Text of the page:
Derrick Ralph Adkins (born July 2, 1970) is a former American track and field athlete who specialized in the 400-meter hurdles. He was an Olympic gold medalist in that event at the 1996 Summer Olympics and World Champion at the 1995 World Championships in Athletics. He was the fastest man in the world in the 1994 and 1996 seasons and holds a personal record of 47.54 seconds. Adkins was a two-time national champion at the USA Outdoor Track and Field Championships.
|Full name||Derrick Ralph Adkins|
|Born||July 2, 1970 (age 49)|
Brooklyn, New York, U.S.
|Updated on December 6, 2013.|
A Georgia Institute of Technology alumnus, he won back-to-back gold medals at the Summer Universiade from 1991 to 1993. He was also a gold medalist at the 1994 Goodwill Games and the 1996 IAAF Grand Prix Final. He represented the United States four times at the World Championships in Athletics, also reaching the final in 1991 and 1993.
Following his competitive retirement he remained connected with the sport and served as director of The Armory Track and Field Center between 2006 and 2011.
Born in Brooklyn, New York, Adkins was raised in Lakeview, New York in Long Island where he attended Malverne High School, graduating in 1988. That year he was ranked as the number one high school 400-meter hurdler in the nation, having run the race in 50.71 seconds. He attended Georgia Tech where he earned a bachelor's degree at the George W. Woodruff School of Mechanical Engineering in June 1993. Coached by Buddy Fowlkes and Grover Hinsdale at Georgia Tech, he became a six-time All American in the 400-meter hurdles and in the 4×400-meter relay.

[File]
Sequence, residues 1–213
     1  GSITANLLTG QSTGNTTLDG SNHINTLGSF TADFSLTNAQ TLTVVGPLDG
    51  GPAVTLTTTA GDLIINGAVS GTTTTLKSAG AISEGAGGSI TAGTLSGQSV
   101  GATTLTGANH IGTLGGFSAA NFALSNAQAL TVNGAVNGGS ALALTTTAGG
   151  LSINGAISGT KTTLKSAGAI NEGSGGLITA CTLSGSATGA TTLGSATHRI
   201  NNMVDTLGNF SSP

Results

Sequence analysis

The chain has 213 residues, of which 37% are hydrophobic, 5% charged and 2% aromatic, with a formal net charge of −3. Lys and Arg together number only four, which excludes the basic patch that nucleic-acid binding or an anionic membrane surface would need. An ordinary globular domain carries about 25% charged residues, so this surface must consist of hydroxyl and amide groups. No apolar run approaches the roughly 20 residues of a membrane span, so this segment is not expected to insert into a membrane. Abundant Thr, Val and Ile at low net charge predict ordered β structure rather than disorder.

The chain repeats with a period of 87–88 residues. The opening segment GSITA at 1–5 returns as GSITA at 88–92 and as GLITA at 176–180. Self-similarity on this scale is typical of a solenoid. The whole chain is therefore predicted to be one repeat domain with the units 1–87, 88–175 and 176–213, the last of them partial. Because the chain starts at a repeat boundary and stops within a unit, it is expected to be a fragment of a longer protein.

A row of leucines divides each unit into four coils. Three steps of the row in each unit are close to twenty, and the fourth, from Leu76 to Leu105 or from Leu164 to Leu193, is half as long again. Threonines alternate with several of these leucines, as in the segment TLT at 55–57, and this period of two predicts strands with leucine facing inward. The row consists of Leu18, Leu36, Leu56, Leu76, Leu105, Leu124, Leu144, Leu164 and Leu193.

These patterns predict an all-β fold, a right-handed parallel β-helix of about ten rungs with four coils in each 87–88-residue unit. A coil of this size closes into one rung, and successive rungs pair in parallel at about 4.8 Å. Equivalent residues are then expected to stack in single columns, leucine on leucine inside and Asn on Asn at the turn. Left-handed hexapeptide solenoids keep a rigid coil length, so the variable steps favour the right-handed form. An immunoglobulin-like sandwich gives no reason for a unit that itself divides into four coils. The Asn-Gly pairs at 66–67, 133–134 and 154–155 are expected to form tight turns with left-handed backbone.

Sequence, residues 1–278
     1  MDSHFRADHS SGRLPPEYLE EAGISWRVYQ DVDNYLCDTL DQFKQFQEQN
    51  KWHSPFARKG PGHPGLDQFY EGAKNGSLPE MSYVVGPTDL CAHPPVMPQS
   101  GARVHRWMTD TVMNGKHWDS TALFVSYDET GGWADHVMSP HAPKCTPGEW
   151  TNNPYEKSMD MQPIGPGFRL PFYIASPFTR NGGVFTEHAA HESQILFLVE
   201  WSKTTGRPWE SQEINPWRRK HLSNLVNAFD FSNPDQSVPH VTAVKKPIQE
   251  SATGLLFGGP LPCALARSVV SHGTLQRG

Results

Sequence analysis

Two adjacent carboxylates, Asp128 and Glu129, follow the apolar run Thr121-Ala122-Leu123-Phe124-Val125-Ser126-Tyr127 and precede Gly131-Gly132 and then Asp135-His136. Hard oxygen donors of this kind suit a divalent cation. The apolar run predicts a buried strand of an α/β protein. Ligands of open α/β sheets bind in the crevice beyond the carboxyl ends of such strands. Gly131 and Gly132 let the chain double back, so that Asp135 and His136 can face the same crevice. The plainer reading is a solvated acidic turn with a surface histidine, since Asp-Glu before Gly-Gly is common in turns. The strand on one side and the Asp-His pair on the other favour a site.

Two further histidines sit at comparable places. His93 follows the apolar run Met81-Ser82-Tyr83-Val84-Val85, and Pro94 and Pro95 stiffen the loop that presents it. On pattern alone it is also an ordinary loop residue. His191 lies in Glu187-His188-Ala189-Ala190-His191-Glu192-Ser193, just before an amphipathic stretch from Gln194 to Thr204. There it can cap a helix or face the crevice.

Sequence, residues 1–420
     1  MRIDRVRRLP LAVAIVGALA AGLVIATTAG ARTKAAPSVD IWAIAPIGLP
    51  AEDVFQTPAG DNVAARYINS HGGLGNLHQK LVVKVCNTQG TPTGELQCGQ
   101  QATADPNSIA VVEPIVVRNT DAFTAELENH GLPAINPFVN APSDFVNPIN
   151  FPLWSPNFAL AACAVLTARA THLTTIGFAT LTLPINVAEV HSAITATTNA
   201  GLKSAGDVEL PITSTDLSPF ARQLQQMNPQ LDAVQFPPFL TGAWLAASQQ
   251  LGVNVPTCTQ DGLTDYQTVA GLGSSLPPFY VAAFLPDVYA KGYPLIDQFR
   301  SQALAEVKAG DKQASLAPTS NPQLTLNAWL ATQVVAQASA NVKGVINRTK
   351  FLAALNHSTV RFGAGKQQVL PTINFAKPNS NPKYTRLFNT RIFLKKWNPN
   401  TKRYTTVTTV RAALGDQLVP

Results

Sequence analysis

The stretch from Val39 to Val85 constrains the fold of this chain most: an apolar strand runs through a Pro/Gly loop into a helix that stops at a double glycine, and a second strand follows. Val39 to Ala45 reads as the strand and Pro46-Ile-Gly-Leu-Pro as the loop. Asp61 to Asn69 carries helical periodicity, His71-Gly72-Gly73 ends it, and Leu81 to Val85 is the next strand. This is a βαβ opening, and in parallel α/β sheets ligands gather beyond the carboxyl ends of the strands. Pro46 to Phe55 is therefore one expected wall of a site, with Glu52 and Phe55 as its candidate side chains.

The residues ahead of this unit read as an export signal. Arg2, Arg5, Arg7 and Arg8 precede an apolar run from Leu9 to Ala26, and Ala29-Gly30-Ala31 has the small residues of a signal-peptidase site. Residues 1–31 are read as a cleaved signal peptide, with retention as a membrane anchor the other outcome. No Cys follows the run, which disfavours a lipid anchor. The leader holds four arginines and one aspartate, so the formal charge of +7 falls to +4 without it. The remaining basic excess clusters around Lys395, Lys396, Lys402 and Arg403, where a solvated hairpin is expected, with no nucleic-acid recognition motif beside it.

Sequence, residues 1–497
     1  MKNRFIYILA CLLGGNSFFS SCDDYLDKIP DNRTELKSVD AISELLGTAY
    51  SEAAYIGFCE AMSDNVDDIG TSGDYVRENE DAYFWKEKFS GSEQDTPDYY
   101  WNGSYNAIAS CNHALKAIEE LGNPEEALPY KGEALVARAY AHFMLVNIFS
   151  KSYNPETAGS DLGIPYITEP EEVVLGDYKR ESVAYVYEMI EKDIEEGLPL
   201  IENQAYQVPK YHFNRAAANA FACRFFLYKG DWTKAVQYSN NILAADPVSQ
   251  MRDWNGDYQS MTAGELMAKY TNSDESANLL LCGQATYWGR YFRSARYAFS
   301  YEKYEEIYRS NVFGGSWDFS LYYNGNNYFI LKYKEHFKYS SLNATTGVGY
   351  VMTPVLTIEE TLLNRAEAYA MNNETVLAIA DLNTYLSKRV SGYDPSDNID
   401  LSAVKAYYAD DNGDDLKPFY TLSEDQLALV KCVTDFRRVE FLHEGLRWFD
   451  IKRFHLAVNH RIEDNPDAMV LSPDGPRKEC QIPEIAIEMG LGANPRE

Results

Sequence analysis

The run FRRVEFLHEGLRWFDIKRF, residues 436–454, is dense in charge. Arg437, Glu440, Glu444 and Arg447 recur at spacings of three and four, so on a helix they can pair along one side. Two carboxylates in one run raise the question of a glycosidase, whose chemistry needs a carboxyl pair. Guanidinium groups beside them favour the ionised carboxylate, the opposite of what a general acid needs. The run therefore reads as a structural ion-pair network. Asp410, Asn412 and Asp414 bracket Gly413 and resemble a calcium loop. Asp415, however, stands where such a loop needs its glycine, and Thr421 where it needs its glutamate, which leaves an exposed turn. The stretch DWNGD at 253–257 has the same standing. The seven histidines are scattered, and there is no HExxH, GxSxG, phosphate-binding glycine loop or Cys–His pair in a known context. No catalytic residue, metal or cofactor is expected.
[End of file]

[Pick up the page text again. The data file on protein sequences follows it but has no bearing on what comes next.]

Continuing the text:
Adkins reached his first senior global final at the 1991 World Championships in Athletics, placed sixth overall. He returned two years later at the 1993 World Championships in Athletics, ending in seventh on that occasion. His first major title followed at the 1994 Goodwill Games in Saint Petersburg, where he ran a games record time of 47.86 seconds to claim the gold. Adkins was runner-up to Samuel Matete at the 1994 IAAF Grand Prix Final that year.
At the 1995 World Championships in Goteborg, Sweden, Adkins won the gold narrowly ahead of his career long rival Samuel Matete from Zambia in a time of 47.98 seconds. In the beginning of the 1996 season Matete beat Adkins four times in a row. Then just before the Games in Atlanta, Adkins defeated Matete in the Paris Grand Prix at the Stade de France in a time of 47.70.
At the Olympic Games in Atlanta, Adkins won the gold medal in a time of 47.54, beating Matete by 0.24 seconds.
In his career Adkins broke the 48-second barrier 20 times. He is one of the few hurdlers who have won back-to-back gold medals in the World Championships and Olympic Games. He was a two-time USA National Champion in 1994 and 1995. He was a two-time winner of the Weltklasse Zurich meet, having won the 1995 meet in a time of 47.65 seconds. He was a two-time winner of the Millrose Games in the 500 meters having run 1:01.71 at Madison Square Garden. He has set stadium records and meet records at the Penn Relays, the Lucerne Grand Prix (47.68), the Linz Grand Prix (47.70), and the Goodwill Games in St. Petersburg, Russia (47.86).
He ceased to compete internationally after 2000 and made his last appearance at the national championships in 2004, pulling up in the heats of the 400 m hurdles.
In October 1996 local authorities of his hometown of Lakeview lobbied to change the name of the street where he was raised, from Seneca Road to Derrick Adkins Lane.
Adkins served as an assistant track & field coach at Columbia University between 2004 and 2006. While coaching at Columbia his athletes set seven school records, and won six Ivy League individual-event championships.
Adkins served as director of The Armory Track and Field Center between 2006 and 2011. During his time at The Armory the organization began hosting more than 100 track meets per year. He was influential in the decision to bring the Millrose Games from Madison Square Garden to The Armory where it continues to be staged annually.